According to Collins and Chen, their fibre-first and wholesale-first approach answers the concerns of a business community begging for world class connectivity. "The channel has increasingly better connectivity options and we have to work collaboratively together," added Collins. "We all have a part to play in taking Digital Britain forward."


Creating a foundation for enterprise digital transformation

Ever since the advent of digitalisation networks have been subject to greater demands on performance, never more so than today.

The best way to tackle network shortfalls like latency? Create a solid foundation for enterprise digital transformation, says Mark Lewis, EVP of Products & Development at Platinum sponsor Interoute.

"We must deliver reliable and predictable performance in an uncertain digital world," stated Lewis in his keynote address to Comms Vision delegates. "Organisations are changing how they do business and customers are moving to the cloud where they can be subject to slow and inconsistent ISP connections."

Reducing latency has a significant impact on improving application performance; and Interoute is ever more obsessed with eradicating such inconsistencies in poor network performance and has designed its Enterprise Digital Platform and Cloud Fabric as an antidote to these blights and distractions. "The platform is entirely software defined from customer site to virtual data centre," added Lewis.

Interoute was established in 2002 and now operates a 2bn euro pan-European fibre optic network that supports 25 of the top 30 service providers in the world.

The three pillars of its strategic play are the Cloud Fabric, its software defined global network; Virtual Data Centre (VDC), the global IaaS platform; and Edge, incorporating software defined WAN and NFV, optimising access to all applications in the data centre and the cloud.

"Cloud Fabric and Interoute VDC offer faster access to applications and better application performance," said Lewis. "It differentiates against the likes of Amazon. Cloud Fabric services both private WAN and public Internet. With Interoute Edge, SaaS traffic is sent securely and directly to the application. Bandwidth to the data centre is not consumed by Internet traffic, and the security policy is pushed to the edge but centrally managed."

Lewis highlighted the power of SD-WANs to digitally transform businesses, and showed where SD-WAN fits into the next generation of IT infrastructure - the new Cloud Fabric.

"Our SD-WAN approach enables cost versus performance and SLA optimisation across all access," he added. "Dynamic path control routes and optimises traffic on the optimal, best performing path for the application."

Lewis cited research that indicates 60% of UK business are planning to move at least 40% of their infrastructure to the cloud in the next 12 months. And almost three-quarters (73%) of IT decision makers think it's important that the cloud and network are fully integrated when it comes to putting applications in the cloud. Not surprisingly therefore, the top IT challenge is having the ability to integrate legacy technologies with cloud-enabled applications. But the cost of skills for digital transformation projects is on average 31% higher than for other IT projects.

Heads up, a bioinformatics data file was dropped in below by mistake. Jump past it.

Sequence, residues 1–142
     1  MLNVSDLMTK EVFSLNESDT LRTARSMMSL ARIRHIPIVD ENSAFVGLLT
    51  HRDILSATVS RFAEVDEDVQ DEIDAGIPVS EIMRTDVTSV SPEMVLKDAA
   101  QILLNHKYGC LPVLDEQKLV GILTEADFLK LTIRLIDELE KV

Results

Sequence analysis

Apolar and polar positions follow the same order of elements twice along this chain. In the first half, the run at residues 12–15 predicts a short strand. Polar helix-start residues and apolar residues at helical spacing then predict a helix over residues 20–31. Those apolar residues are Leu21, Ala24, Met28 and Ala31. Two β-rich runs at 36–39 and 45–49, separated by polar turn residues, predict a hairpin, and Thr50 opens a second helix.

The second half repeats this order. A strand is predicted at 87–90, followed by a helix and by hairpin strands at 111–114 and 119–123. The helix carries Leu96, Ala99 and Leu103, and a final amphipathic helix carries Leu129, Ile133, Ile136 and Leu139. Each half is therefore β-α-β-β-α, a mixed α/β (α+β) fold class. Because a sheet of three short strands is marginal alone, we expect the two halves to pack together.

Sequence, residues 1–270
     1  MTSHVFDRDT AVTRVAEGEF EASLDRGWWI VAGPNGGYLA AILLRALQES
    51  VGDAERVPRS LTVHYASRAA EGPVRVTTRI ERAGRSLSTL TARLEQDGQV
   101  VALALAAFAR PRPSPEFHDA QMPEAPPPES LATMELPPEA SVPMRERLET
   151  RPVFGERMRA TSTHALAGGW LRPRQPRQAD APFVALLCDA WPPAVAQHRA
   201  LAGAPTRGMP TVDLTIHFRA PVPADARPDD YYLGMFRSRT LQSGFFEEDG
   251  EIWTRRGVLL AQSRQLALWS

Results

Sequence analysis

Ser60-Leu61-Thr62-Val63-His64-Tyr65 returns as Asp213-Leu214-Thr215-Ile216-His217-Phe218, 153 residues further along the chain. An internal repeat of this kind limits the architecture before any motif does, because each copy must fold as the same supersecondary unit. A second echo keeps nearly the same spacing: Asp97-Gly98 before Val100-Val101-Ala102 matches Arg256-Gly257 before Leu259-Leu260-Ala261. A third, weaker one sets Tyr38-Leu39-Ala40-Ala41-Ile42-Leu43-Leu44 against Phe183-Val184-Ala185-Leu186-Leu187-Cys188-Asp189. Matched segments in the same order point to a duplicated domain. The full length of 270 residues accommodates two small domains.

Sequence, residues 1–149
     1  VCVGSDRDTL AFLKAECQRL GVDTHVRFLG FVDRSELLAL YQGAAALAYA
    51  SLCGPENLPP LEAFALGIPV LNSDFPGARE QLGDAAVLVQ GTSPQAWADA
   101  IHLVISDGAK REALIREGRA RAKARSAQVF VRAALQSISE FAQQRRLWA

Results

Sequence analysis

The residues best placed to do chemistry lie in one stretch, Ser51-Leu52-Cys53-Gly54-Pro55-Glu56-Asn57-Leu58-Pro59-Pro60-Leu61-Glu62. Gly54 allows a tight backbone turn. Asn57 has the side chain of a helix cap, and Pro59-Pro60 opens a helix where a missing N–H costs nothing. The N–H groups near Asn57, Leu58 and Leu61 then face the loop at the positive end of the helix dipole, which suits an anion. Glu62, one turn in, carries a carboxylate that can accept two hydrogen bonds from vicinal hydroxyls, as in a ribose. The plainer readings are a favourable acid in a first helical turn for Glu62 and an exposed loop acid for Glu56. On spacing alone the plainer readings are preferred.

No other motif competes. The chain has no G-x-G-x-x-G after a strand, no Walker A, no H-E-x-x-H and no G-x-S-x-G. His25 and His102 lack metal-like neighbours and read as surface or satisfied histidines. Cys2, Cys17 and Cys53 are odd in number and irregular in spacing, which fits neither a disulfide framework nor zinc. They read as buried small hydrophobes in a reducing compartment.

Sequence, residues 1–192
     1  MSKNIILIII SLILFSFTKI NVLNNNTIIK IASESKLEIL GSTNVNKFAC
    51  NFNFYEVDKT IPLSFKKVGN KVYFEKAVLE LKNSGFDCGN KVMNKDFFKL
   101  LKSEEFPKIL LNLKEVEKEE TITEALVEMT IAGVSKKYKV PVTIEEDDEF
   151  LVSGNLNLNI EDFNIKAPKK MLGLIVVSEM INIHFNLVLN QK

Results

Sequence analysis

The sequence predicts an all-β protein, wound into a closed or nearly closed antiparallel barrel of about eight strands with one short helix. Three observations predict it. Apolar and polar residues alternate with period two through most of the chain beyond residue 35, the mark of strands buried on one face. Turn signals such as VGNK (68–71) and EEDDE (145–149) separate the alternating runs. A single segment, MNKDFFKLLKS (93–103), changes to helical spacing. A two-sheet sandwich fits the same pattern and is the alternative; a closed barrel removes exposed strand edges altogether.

Enter Interoute's Digital Infrastructure Platform. "It's a software defined network and multi-cloud platform," Lewis added. "A single solution that delivers integrated public, private and hybrid IaaS with global private networking.

"Security is inherent, not complex. Everything is interconnected, not isolated. Developers can think outside the box, building distributed solutions that bring applications closer to users and deliver superior performance. Existing technology investments can be integrated without re-factoring applications. Simply plug them in."


A strategy to realise true digital workspaces

In the language of communications it is wholly illiterate to talk about the digital workplace without reference to the space that wraps around new technology implementations.

In that there is no argument, stated David Dunbar, Director at Workmodes Consulting, who is well known for leading the development of BT's flexible working strategy, and as Head of Digital Workplace and Transformation at Nationwide he was responsible for planning and driving the digital transformation for 20,000 people.

In his Comms Vision keynote Dunbar illustrated why a strong digital workplace strategy is crucial to the success of transforming organisations towards more agile, more flexible workplaces through technology, the physical space and culture.

This is the real transformation that businesses should be harnessing and cohering, he says, suggesting that ICT providers should deliver a much clearer message on digital transformation that speaks of technology and space coming together to support what he calls an 'objective focused collaborative culture'.

"Space is a wrapper for technology," he stated. "Technology enables people to interact - space allows technology to be applied. Space is increasingly intelligent and functional, moving away from traditional office structures to areas that are team-based, collaborative and have specific functions."